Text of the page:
Florence has something for everyone: art museums and architecture, food and photography, stunning landscapes and sunset points, all soaked in centuries of history. The best part: it’s a photographer’s heaven! You can wander through the streets, camera in hand, and without even planning to, end up with some of the best photographs you’ve ever taken. Whether you’re a professional photographer, or just a regular tourist who wants some good photos for Snapchat, you should reserve a day to see Florence through a lens; its beauty lies not just in the famous sights, but on the paths between them.
Here’s a walking route you could follow; I spread these out over my 3-day stay in Florence, but it can easily be condensed into 24 hours:
Stop A: The Duomo at 9am
Before getting started, grab a cup of coffee or some breakfast at Caffe delle Oblate – a laidback coffee shop located on the second floor of a local library, with great views of the Duomo. The food and coffee is delicious and cheap!
Start the day at Florence’s main attraction, the Duomo, which usually opens at 10am. If you’re living close by (I highly recommend that you do), don’t use a map. Just follow whichever route takes your fancy in the moment, and you’re guaranteed to end up at the Duomo (well, ask for directions on the way just to make sure you’re not completely off!). The streets leading to the Duomo are filled with welcoming stores, selling personalized, embroidered aprons, tin cans of the purest olive oil, and handcrafted notebooks. For me, photographing the walk was even more inspiring than capturing the cathedral!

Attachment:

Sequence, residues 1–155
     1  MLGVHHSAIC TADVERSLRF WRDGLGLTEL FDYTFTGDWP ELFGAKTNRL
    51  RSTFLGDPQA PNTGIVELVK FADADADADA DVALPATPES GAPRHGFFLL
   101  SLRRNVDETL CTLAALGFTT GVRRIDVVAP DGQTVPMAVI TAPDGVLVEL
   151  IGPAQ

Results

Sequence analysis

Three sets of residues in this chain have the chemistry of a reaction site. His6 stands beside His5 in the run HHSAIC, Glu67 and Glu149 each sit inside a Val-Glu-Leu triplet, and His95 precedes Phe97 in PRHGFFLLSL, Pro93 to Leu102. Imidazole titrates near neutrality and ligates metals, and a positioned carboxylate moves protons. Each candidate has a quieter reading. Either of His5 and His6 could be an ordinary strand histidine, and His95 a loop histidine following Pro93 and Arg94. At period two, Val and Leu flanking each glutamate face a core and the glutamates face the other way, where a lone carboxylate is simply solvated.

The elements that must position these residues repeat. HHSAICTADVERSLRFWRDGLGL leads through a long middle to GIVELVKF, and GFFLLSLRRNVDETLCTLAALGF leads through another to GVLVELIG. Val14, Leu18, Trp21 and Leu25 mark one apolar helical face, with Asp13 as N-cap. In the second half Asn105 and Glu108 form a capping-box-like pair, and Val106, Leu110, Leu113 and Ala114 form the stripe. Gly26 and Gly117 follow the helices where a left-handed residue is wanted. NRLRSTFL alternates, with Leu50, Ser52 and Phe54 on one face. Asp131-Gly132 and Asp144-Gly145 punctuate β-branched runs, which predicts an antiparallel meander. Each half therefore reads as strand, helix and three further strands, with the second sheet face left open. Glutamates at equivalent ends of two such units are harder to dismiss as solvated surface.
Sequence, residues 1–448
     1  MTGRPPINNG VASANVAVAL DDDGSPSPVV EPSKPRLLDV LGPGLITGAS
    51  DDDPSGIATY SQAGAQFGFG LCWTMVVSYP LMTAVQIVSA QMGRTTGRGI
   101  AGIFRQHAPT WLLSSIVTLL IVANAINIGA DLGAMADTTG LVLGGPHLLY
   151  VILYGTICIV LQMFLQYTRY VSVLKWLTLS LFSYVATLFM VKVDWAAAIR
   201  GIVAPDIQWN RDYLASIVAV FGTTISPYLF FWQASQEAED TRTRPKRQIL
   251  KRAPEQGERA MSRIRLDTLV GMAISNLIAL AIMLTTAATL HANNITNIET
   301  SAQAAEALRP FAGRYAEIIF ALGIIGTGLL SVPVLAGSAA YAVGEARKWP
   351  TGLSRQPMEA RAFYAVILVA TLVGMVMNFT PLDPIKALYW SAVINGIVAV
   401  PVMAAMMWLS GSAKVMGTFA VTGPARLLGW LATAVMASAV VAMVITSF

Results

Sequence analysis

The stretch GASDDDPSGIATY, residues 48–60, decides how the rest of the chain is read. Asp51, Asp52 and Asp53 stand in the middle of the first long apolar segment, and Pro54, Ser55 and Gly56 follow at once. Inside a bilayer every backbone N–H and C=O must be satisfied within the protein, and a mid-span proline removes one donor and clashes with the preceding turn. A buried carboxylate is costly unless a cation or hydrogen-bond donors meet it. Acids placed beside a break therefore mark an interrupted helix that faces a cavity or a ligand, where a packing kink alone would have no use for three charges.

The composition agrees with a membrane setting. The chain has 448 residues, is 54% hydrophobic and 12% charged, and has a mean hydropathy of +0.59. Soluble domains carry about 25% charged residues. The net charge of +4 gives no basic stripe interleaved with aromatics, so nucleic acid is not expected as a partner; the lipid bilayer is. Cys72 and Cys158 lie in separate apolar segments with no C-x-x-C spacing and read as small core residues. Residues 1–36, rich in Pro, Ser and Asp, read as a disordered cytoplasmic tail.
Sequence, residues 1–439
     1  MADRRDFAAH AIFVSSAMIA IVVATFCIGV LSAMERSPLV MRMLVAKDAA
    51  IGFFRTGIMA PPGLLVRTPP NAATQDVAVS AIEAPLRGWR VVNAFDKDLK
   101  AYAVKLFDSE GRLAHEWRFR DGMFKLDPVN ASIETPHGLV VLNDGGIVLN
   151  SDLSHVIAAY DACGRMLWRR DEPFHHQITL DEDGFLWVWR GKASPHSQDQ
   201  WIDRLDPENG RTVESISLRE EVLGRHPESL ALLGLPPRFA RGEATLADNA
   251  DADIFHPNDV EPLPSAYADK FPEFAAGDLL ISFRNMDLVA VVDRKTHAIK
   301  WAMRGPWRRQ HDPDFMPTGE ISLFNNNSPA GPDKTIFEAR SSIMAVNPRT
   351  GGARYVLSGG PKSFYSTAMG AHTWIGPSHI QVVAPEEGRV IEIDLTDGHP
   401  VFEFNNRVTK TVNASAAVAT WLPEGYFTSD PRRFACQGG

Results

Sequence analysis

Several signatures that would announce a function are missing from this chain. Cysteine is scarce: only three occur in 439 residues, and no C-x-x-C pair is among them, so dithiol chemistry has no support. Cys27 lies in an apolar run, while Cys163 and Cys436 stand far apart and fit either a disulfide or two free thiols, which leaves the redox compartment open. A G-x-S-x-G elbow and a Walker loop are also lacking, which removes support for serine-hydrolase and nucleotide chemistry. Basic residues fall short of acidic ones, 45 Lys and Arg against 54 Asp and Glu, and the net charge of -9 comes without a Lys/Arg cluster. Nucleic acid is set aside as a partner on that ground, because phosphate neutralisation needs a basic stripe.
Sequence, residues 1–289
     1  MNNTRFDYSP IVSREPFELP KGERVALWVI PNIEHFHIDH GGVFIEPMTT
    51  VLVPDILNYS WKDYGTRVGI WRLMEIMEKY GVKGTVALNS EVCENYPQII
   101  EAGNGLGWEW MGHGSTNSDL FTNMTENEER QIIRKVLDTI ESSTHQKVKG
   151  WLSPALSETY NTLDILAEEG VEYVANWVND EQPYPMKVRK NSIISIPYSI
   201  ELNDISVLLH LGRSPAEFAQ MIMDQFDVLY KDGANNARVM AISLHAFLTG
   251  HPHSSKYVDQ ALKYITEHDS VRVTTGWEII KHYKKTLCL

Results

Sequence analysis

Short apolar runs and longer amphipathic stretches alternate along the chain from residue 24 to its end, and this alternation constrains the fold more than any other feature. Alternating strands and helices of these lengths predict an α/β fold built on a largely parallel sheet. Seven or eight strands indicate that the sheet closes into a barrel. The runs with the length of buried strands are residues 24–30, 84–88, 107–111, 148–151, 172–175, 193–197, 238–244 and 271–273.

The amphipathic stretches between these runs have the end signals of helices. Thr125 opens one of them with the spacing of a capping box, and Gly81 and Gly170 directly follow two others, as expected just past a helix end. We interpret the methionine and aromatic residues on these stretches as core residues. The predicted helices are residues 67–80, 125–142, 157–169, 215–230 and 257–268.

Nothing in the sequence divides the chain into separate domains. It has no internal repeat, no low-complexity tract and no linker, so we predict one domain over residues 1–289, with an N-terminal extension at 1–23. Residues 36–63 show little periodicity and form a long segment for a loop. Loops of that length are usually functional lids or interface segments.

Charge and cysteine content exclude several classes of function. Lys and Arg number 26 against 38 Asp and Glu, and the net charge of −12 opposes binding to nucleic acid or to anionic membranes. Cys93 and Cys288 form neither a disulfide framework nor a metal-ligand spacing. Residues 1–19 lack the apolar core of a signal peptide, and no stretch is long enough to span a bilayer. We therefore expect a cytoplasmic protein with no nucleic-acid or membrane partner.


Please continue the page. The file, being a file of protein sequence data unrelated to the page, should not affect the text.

In all honesty, I wouldn’t recommend going inside the Duomo. It wasn’t as impressive as its imposing exterior. I ended up wasting a morning, since I couldn’t enter the Duomo until 10am. I wish I had just photographed the outside earlier (when there are less tourists) and moved on.
- Aim to spend at least 20 minutes photographing the Duomo; with every new angle and perspective, it takes on a different shape and color.
- Photograph the Duomo by day and night: the colors create a striking contrast. In the day, it’s a mix of ivory, olive green and salmon pink, whereas your photograph will look like someone applied a black and white filter to it at night. More photos towards the end of the post.
- Make sure you don’t cut out random chunks of the monument. I’m definitely not a professional, but I took one photography course, and one of the things I learned was to make sure the subject you photographed was complete. Especially with a large monument, you can’t capture the entire thing in one frame. Make sure whatever portion of the structure you capture is not cut out. For example: if you’re capturing the roof of the Duomo, don’t cut out part of the dome!
Pick up some lunch to-go as you walk towards Stop B (Ponte Vecchio); there are several panini and pizza shops close to the Duomo (my absolute favorite was I Due Fratellini for the best, and cheapest, paninis). You can also wait to pick something up on the other side of the bridge, but looking for a quick to-go spot there might be harder.
Walk time to next stop: 8 minutes
Stop B: Ponte Vecchio at 11am